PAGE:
A lumbar discectomy is a surgical procedure that is performed to remove herniated disc material from the lower back (lumbar), that is pressing on a nerve or the spinal cord. When this procedure is performed with the use of an endoscope, it is called a lumbar endoscopic discectomy. It is considered a minimally invasive procedure because only a small incision is necessary. In addition, the endoscope (a small metal tube with a camera and light on the end) provides direct visualization through magnified video images, as well as a passage way for the surgical tools, so the patient’s muscles do not have to be torn or cut. As a result of the minimal damage to bone and muscle tissue, most people who have a lumbar endoscopic discectomy experience less surgical trauma, and a quicker recovery period, than those who undergo more-invasive traditional back surgery.
The discs are cushions made of cartilage and other spongy tissue that run between the individual bones of the spine. Through aging, normal wear-and-tear or injury, discs within the lower back may bulge or herniate (rupture), and put pressure on adjacent nerves, resulting in pain, numbness or weakness in the lower back, legs or buttocks. When determining the exact cause of back or leg pain and developing a treatment plan, the physician performs a physical examination to check reflexes, muscle strength and movement. If nerve compression is suspected, additional diagnostic tests may include a CT scan, MRI scan, and a myelogram. An electromyogram and nerve conduction studies may also be performed to help pinpoint the location of the nerve damage.
Candidates for a Lumbar Endoscopic Discectomy
Candidates for lumbar endoscopic discectomy typically have herniated or bulging discs that produce pain, weakness or numbness that has not responded to conservative methods of treatment such as exercise, stretching, corticosteroids, pain medication or physical therapy. This procedure may also be an option to minimize pain and discomfort in those who have discs that are torn or chronic radiculitis (pain traveling down the leg). A lumbar endoscopic discectomy is often used to treat patients who have progressively worsening numbness or weakness in their legs and/or have serious mobility issues resulting from their condition.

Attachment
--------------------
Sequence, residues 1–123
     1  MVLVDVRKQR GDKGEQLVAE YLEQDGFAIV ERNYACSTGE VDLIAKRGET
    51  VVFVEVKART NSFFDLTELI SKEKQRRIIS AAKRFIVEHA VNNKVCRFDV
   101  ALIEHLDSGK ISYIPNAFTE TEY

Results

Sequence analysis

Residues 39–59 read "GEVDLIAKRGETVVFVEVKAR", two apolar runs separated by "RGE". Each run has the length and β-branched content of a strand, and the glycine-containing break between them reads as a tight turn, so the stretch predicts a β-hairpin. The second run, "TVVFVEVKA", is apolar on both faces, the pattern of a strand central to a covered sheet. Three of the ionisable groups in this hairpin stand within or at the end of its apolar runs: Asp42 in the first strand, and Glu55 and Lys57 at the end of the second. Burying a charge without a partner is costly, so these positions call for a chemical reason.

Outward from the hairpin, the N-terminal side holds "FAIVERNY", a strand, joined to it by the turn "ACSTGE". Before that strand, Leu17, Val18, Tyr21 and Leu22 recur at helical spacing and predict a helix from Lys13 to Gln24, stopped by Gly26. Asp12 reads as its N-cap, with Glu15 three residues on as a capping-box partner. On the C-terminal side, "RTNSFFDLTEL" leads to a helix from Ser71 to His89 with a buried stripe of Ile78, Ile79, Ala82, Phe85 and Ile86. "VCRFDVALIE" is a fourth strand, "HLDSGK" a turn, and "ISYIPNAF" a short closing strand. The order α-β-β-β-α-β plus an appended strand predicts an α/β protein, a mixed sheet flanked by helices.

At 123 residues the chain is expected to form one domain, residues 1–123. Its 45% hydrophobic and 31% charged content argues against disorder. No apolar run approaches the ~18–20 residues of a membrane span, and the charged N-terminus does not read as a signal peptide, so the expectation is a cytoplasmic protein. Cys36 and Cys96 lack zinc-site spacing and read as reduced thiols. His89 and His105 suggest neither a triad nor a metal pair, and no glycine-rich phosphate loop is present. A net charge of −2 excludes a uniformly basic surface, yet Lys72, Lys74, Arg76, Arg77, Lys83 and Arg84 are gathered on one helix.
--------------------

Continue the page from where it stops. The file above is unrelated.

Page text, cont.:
Benefits of a Lumbar Endoscopic Discectomy
A lumbar endoscopic discectomy has many advantages over traditional back surgery. Benefits of this minimally invasive procedure include:
- Same-day surgery (outpatient procedure)
- Short recovery time
- Small incision and minimal scarring
- Minimal blood loss
- Retained spinal mobility
A lumbar endoscopic discectomy carries fewer risks than traditional spine surgery and as a result, patients recover more quickly and return more rapidly to day-to day activities.
The Lumbar Endoscopic Discectomy Procedure
Patients are sedated with general or local anesthesia prior to the procedure. A small incision is made on the side of the back, to allow the endoscope and other instruments to pass through into the disc space. A video monitor displays live, enlarged images transmitted from the camera on the endoscope. Once the instruments are in the disc space, the surgeon removes the damaged portion of the disc, as well as any disc material that is pressing against the nerves and causing symptoms. When this is completed, the endoscope is removed and the incision is sutured closed. A lumbar endoscopic discectomy takes about 1 hour to perform.
Risks of a Lumbar Endoscopic Discectomy
A lumbar endoscopic discectomy is considered a safe and minimally invasive procedure. As with any surgery, however, there are risks which include:
- Excessive bleeding
- Reaction to anesthesia
- Nerve damage
- Leakage of spinal fluid
After surgery, there is also a risk of disc herniation recurrence. If all of the disc tissue is not properly removed during the procedure, nerve pressure and symptoms may persist.
Recovery from a Lumbar Endoscopic Discectomy
Patients can generally return home the day of the procedure. Initial pain from the surgery may be treated with pain medication. Patients are advised to avoid bending, lifting or twisting for a few weeks after the procedure. Nerves may take some time to heal and patients may experience some temporary numbness and tingling in the legs. Most patients can return to work about 2 to 4 weeks after the procedure, however those with physically demanding jobs may have to wait longer to return to work. After the recovery phase, most patients experience a significant reduction in back and leg pain after undergoing a lumbar endoscopic discectomy.